PostPosted: Sat Apr 09, 2016 1:50 am 
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The great thing about debate theory, and debate everything in general, is that it's open to discussion/interpretation/debate.

If you're going to win with a "topical" counter-plan, you can interpret debate theory in a way that allows that (i.e., aff case becomes rez.) If you're aff, you can respond by saying "actually, our case is a warrant for the rez."

Light a stick of dynamite because boom. We have a debate.

There's nothing inherently wrong with running a "topical" counterplan because like everything else, it's up for debate.

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 Post subject: Re: TOPICAL COUNTERPLANS
PostPosted: Sat Apr 09, 2016 5:43 am 
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Peter_Policy wrote:
The great thing about debate theory, and debate everything in general, is that it's open to discussion/interpretation/debate.

If you're going to win with a "topical" counter-plan, you can interpret debate theory in a way that allows that (i.e., aff case becomes rez.) If you're aff, you can respond by saying "actually, our case is a warrant for the rez."

Light a stick of dynamite because boom. We have a debate.

There's nothing inherently wrong with running a "topical" counterplan because like everything else, it's up for debate.

This. I firmly stand on the side of topical counterplans but I recognize that it is (or should be) primarily the debaters' job to explain and argue theory in-round. All of these arguments and this whole debate will probably never end unless one or both of the major leagues explicitly ban topical counterplans - and that's a good thing. People will have differences of opinion and the arguments about topical CPs will be good testing grounds for students on how to present arguments in the real world.

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 Post subject: Re: TOPICAL COUNTERPLANS
PostPosted: Sun Apr 10, 2016 2:27 am 
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Cyberknight wrote:
How about common sense? How about the idea that we ought to be debating the resolution because that's simply what's been chosen for us to debate? The main issue I have with this whole "abusiveness" impact to T is that if that's your only impact to T, you can easily lose to teams that go off topic. Last year, there was a team that ran a case involving Pakistan. When you argued T against them, they responded: "the only impacts to Topicality are educational harm and abusiveness; but our case is well known and everyone preps it, so it's not abusive. And it's a good topic to be debating, so it doesn't harm education." Yeah, well guess what: you should still lose, because you're not proving the resolution true, which is what you claimed you were going to do in your 1AC! (Also, if you asked this team in CX whether they should lose if their case is off topic, even they would say "yes.")

Why should this arbitrary topic selection hold any merit? Answer: Education and abuse. The team you referenced is outdebating the negs and should win. "BUT YOU SHOULD STILL LOSE CAUSE I FIND THIS TECHNICALLY INCORRECT" is not a good argument - what are your warrants? Where are your reasons to prefer this interp? The educational impacts of my interp outweigh this pedantry.

Cyberknight wrote:
Proving the resolution true in one instance automatically proves it true generally. If I were trying to prove to you that my car needed fixing, it would be enough for me to show that that the ignition was broken, and that i should replace it with my spare ignition. I wouldn't need to show that every single part of the car needed to be replaced. Same goes for the resolution. Proving part of it proves all of it. If I show one problem in the court system, however small, one solution, and one advantage, I HAVE proven the statement "the federal court system needs reform" ABSOLUTELY true.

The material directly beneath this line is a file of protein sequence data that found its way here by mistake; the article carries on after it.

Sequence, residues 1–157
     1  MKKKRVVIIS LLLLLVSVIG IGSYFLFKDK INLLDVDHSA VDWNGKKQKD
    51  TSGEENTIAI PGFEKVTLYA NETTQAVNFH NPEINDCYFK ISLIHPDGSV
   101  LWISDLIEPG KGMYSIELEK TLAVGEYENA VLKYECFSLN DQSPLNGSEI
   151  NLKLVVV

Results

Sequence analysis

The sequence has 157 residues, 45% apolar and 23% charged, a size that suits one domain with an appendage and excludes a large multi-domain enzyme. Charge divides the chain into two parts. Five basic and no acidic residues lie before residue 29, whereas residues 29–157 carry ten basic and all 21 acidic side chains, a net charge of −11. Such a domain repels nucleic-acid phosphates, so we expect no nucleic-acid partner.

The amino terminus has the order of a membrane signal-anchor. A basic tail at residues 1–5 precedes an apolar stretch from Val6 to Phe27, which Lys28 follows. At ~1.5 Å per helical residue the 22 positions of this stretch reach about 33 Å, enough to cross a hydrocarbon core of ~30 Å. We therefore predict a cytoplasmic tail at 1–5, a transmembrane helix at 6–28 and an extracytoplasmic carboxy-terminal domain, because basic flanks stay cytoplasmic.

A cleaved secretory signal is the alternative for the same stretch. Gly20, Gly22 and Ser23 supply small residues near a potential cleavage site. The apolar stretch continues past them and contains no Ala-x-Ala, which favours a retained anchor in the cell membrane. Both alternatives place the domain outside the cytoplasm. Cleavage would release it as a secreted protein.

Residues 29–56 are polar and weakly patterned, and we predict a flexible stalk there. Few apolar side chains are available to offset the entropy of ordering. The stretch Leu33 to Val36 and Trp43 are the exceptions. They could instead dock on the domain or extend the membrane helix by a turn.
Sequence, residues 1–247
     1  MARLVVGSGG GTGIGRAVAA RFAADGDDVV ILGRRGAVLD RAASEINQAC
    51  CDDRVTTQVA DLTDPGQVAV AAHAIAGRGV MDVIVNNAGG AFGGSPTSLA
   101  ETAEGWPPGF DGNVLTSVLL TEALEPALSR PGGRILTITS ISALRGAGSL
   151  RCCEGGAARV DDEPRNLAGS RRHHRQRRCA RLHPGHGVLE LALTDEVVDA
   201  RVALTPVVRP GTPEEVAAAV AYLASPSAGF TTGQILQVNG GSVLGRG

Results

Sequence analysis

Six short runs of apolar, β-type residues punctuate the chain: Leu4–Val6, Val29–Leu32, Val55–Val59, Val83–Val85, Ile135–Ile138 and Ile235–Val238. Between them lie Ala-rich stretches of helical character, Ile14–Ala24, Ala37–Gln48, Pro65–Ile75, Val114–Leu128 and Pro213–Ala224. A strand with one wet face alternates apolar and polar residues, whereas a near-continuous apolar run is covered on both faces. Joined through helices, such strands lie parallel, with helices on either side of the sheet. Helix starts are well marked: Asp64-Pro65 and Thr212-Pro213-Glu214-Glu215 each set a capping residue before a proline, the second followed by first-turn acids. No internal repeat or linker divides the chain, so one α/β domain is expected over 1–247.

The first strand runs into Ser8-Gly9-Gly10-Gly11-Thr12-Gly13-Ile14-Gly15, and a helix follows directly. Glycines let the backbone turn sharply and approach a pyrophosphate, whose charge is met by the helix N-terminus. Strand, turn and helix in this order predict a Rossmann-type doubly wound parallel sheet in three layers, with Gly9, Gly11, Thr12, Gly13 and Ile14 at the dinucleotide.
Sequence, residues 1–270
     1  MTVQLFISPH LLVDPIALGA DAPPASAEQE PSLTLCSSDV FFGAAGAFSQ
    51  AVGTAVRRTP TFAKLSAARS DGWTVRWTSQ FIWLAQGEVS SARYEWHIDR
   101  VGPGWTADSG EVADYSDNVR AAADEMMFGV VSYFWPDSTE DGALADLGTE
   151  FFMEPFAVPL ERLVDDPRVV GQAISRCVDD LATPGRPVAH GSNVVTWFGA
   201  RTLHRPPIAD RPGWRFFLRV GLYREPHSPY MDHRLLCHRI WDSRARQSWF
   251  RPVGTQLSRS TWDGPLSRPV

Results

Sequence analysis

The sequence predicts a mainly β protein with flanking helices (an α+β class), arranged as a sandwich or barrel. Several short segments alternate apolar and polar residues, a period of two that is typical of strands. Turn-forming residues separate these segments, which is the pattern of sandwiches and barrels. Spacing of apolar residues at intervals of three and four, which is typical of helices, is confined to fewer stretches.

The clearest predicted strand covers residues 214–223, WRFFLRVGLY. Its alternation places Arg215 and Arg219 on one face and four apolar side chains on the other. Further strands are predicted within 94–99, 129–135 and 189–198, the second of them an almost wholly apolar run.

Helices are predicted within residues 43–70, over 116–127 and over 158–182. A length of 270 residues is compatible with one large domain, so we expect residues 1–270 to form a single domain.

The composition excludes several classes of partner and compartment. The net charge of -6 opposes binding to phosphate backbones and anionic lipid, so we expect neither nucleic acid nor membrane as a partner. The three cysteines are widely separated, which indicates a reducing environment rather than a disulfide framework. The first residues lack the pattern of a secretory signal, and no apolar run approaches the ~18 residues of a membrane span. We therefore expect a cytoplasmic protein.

No, it doesn't. In that instance, you have proven that to be a specifically true statement. If your car had 20 different problems, it would be a generally true statement.

Cyberknight wrote:
The policy proposed by Aff is used as an example of how to reform the court system. Reforming the court system is what the Aff team is saying should happen, and the plan is an example of why this is so. This is not a remotely outlandish idea. Most debate coaches who are theory-nerds will back up what I'm saying here.

Your implication is that the resolution and the truth thereof is the real question and it isn't. Debating that, in and of itself, is purposeless without plans. The plans are the point here, and the only real purpose to debate is comparing plans, not testing the truth of an arbitrarily chosen statement. If it were about the resolution itself, what is the point? Topic education is why we have policy topics, and topic education should take precedence over pedantry.

Cyberknight wrote:
Yes. That's their burden. That's why pretty much every Aff structures their opening paragraph like "there are so and so problems in the current system, and our plan would fix them, which is why we stand resolved: that the federal court system should be reformed." Their harms, plan, and advantages are offered as proof that the court system needs reforming. A simple way to set this up is to ask the Affirmative team in CX if they are ultimately trying to prove the resolution true. If they say "yes" (which they will), just point out that their plan doesn't prove the resolution true, and thus ought to lose. And if an Aff team argues all they are trying to prove is that their plan should be passed, just ask them why on earth they bothered stating a resolution as their thesis statement if all they are trying to do is pass their plan. :P

Lol, custom does not make it necessary. Also, just because affs concede something they shouldn't doesn't change any of my warrants.

Cyberknight wrote:
The only instance in which I think you should impact it to abuse is if the Aff team states a different resolution in their 1AC and advocates that instead...or if they say the real resolution, but say that it's beside the point and they aren't really trying to prove it. In instances such as these, just point out to the judge that they are running a case that is willingly off topic, which is sort of like bringing a cherry pie to an apple pie competition. Any judge who isn't an idiot will vote negative.